I've been transferring a lot of film in our collection to video, and it's pretty hard to resist thinking about my next film. I've got other projects to finish first, though.
ephemera: What challenges or obstacles do you encounter in creating this film?
Prelinger: There were many. I've worked with archival footage for over 20 years, but still found it really, really hard to edit at times. My spouse heard me ranting that I never wanted to work with archival film again.
The big problem working with ephemeral films has to do with one of the qualities that makes them so alluring--style. When you watch old industrial and educational films, you see the magnificent and un-faded colors of Kodachrome, hear the stentorian voices of the narrators, drink in the details of lost landscapes and demolished diners, and marvel at the speech and body language of our ancestors. All of this is very cool, but it can be very distracting--it's hard to dive below style to see what the material really means, what the films are really about. I didn't want to make something campy or kitschy, but rather explore some of the ideas and mythologies that have influenced our history. So sometimes the clips just didn't work the way I wanted them to work, or say what I hoped they would say. You put a film like this together with tweezers, it is very fine and detailed work, and you need to be very patient.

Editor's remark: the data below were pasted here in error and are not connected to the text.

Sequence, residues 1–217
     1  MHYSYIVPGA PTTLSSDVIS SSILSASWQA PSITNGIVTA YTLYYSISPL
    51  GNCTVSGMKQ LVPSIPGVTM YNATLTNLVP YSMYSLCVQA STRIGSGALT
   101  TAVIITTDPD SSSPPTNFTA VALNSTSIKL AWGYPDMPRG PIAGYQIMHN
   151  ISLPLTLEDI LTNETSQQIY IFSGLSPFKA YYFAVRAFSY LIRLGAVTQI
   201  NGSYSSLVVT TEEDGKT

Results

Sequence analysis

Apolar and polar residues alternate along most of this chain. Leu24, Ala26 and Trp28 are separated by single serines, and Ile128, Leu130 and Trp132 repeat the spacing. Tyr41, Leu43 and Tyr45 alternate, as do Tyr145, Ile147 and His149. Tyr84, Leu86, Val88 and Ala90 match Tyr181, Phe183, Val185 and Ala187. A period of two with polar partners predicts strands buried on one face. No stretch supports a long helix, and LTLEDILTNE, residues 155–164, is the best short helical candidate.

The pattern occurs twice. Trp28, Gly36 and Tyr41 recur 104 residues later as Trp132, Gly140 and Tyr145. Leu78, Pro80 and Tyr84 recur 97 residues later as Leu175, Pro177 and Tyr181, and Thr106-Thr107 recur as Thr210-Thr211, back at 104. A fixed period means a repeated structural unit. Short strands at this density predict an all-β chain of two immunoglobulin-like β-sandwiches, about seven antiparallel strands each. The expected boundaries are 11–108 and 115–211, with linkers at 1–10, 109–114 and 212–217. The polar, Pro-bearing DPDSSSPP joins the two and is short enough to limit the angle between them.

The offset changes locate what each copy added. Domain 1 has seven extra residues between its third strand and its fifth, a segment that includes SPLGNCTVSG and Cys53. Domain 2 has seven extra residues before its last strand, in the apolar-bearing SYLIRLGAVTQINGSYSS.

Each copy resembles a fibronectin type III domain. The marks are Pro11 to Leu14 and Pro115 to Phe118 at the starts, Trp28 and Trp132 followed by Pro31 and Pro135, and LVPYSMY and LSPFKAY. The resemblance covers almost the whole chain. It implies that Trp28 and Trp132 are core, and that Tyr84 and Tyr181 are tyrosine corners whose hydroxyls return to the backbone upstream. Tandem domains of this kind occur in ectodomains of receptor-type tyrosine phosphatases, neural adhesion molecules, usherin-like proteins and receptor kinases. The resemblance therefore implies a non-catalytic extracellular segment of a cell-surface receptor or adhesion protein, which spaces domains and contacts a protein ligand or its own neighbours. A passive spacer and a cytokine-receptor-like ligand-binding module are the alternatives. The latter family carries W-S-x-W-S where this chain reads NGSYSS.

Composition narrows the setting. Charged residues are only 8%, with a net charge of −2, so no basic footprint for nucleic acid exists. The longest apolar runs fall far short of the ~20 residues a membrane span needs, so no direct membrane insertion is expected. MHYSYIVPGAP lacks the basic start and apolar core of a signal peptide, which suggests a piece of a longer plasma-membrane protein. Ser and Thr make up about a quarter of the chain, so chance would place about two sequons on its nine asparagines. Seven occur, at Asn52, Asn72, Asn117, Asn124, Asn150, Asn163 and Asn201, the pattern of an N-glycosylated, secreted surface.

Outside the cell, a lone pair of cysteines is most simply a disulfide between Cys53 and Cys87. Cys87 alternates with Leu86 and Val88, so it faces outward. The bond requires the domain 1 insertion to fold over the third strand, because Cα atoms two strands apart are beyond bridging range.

Otherwise, it is technically very easy to make a film nowadays, if you can handle doing it in video. I used Final Cut Pro and cut the whole thing on my laptop.
ephemera: What are your favorite images in the film? What discoveries did you make?
Prelinger: This is kind of a cop-out, but every sequence in the film is there because it spoke to me in some way. But I like the enigmatic images, which are like a piece of paper you find that you can't quite trace back to its origins. I like the old Esso station footage; I like TUESDAY IN NOVEMBER, the film on the 1944 presidential election; I like IN THE SUBURBS, one of the greatest films on 1950s suburbia.
ephemera: What does the film tell us about America's landscape and history?
Prelinger: The final film is made up of 64 sequences that together--kinda sorta--tell the story of American history from the early Puritan immigrants to the present day. It is not literal, but it's pretty obvious what the sequences are saying. It's about deciding what kind of political system we wanted in our country, about westward moving, about the birth and death of industry, about the relationship between humans and animals, about World War II and its aftermath, about fear and danger in America, and more. It's like a record album, where each song is separate, but together they make up a narrative that goes from A to B.